California-based company ‘accelerating deployment plans’ for Aurora design
US-based advanced nuclear power plant developer Oklo has announced sites for two commercial units in Southern Ohio.
Oklo said it has signed an agreement with the Southern Ohio Diversification Initiative (SODI) to deploy Oklo power plants that will provide up to 30 MW of clean electric power and over 50 MW of clean heating, with opportunities to expand.
SODI is one of the leading partners in a project to evaluate the reuse of an existing nuclear facility undergoing decommissioning for siting and construction of an advanced reactor.
The project has been using the former US Department of Energy (DOE) Portsmouth gaseous diffusion plant in Piketon, Ohio, as a case study.
Other members of the project, which is funded by the DOE, include Orano Federal Services, Southern Nuclear Company, the Electrical Power Research Institute and the Idaho National Laboratory (INL).
Jacob DeWitte, Oklo co-founder and chief executive officer, said California-based Oklo is accelerating its commercialisation plans with “sites for two more plants confirmed”. Oklo did not name the two sites.
In 2019 the company obtained a site use permit from the DOE to build a demonstration nuclear plant the INL site in Idaho.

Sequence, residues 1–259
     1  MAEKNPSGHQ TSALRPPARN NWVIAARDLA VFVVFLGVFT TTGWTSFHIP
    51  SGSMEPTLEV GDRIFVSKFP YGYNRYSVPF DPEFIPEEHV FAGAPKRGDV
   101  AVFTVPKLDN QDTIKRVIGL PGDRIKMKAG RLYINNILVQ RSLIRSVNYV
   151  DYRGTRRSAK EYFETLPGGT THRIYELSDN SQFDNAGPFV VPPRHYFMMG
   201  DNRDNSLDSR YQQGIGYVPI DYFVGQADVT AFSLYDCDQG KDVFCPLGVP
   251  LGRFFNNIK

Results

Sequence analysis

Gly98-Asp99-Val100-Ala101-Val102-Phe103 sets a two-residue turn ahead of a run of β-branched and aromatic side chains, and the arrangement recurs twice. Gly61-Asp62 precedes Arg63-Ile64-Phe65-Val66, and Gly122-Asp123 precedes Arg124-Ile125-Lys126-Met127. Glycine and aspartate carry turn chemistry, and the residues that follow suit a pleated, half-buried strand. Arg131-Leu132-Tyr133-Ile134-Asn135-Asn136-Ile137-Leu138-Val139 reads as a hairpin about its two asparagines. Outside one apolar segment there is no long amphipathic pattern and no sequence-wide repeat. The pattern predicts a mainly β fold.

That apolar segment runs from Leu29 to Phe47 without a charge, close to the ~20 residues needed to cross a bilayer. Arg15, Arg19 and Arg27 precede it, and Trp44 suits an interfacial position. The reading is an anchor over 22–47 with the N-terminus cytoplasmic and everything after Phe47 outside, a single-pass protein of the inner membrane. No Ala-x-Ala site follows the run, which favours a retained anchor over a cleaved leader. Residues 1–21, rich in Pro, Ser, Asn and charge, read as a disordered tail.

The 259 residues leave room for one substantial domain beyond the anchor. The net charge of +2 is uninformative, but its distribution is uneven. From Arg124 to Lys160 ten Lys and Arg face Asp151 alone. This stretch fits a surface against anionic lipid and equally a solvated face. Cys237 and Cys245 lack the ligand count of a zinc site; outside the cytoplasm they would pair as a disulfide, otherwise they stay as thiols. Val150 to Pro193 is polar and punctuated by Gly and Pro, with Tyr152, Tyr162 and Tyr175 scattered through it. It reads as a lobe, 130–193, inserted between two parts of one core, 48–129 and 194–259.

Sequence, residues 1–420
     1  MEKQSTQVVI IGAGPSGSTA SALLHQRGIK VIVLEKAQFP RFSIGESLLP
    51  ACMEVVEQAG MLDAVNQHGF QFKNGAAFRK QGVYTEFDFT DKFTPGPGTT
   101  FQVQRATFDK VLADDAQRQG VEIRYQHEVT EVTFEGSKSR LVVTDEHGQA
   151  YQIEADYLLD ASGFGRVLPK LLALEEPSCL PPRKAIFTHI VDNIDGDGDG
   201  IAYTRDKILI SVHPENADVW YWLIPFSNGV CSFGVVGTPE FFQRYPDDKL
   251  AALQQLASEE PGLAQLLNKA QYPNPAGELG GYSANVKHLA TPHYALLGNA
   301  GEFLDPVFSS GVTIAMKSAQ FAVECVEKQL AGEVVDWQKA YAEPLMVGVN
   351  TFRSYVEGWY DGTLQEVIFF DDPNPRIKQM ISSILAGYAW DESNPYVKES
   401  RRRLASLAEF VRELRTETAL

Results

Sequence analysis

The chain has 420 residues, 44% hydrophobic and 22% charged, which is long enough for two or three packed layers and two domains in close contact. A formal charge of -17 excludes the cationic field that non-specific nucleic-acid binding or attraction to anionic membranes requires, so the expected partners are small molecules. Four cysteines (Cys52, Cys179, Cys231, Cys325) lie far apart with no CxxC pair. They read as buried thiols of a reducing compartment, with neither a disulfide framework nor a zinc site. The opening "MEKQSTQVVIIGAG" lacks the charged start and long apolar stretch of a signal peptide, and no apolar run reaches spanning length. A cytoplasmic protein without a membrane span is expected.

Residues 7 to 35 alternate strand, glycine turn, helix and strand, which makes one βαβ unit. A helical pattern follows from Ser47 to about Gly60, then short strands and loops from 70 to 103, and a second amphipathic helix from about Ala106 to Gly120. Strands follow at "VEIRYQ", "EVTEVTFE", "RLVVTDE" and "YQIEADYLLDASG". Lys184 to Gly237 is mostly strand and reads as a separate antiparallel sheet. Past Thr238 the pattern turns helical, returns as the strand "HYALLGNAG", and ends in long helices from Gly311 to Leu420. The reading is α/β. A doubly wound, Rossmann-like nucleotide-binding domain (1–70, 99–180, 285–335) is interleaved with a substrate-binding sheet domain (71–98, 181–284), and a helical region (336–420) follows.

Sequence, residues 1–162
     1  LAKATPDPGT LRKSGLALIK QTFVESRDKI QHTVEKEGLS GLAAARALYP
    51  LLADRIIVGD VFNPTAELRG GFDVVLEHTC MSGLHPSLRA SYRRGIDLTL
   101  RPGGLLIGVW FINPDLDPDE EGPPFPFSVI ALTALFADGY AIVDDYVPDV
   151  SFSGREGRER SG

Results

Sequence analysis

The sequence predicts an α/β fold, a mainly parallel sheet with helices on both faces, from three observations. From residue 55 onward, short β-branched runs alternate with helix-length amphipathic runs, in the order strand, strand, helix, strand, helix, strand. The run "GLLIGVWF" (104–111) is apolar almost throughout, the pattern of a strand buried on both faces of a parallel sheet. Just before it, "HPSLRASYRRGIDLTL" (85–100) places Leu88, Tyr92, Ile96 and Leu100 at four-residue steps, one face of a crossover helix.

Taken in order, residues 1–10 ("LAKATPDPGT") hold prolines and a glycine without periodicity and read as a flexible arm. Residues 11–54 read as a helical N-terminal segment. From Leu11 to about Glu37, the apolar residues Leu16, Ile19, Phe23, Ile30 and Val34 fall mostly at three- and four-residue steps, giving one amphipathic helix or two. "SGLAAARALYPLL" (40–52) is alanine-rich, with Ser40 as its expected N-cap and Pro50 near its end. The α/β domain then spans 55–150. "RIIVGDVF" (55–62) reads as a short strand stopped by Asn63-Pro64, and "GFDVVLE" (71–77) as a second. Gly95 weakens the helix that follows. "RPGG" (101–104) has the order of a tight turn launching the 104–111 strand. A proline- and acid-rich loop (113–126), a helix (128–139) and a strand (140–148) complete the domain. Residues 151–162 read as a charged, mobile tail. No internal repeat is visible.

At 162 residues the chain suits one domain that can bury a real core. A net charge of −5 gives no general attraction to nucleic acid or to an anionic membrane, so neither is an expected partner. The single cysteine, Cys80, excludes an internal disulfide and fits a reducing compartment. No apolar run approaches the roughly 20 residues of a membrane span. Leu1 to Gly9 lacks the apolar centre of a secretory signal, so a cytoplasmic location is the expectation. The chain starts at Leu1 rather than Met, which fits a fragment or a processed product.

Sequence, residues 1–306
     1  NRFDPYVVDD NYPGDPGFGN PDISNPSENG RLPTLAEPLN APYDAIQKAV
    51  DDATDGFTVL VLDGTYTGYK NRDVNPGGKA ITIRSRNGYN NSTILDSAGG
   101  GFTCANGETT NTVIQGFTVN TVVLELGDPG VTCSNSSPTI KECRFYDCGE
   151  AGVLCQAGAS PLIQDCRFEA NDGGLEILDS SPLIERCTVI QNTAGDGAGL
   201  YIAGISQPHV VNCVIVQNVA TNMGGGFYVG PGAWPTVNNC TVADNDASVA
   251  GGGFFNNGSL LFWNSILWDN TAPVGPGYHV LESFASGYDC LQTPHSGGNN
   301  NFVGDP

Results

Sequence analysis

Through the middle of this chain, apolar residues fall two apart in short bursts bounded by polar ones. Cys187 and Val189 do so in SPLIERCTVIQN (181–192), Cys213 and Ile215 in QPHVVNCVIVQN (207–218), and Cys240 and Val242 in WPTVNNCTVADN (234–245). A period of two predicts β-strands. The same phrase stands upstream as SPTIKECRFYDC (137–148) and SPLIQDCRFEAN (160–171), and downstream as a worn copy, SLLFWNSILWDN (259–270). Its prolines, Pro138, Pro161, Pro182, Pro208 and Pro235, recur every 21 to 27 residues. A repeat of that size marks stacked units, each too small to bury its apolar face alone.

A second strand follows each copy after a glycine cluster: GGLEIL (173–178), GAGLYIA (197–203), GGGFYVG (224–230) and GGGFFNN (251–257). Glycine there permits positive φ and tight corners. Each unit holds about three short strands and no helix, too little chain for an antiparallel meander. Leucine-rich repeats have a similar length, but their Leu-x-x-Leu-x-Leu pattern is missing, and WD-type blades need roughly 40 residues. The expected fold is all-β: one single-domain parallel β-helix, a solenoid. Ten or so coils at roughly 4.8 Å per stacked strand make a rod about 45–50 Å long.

Company Also Working On LWR Fuel Recycling
Earlier this year Oklo submitted a licensing project plan to the US Nuclear Regulatory Commission for a recycling facility that would produce commercial material from used light-water reactor fuel.
Oklo won $17m (€15.7m) in DOE awards for technology development in support of commercialising production of advanced reactor fuel from used nuclear fuel.
In January 2022, the NRC denied Oklo’s combined licence application for a project to build and operate a plant at Idaho National Laboratory on the grounds that the company had failed to provide information on several key topics for the Aurora design. Oklo submitted its application in March 2022. In September 2022 Oklo restarted its licensing process for the project.
Oklo’s Aurora nuclear plant design, which consists of a small fission reactor with integrated solar panels, would use heat pipes to transport heat from the reactor core to a power conversion system.
According to Oklo, the Aurora will generate both usable heat and electricity, run for at least 20 years on one load of fuel and operate without the need for water. The plant can recycle fuel and ultimately convert nuclear waste to clean energy.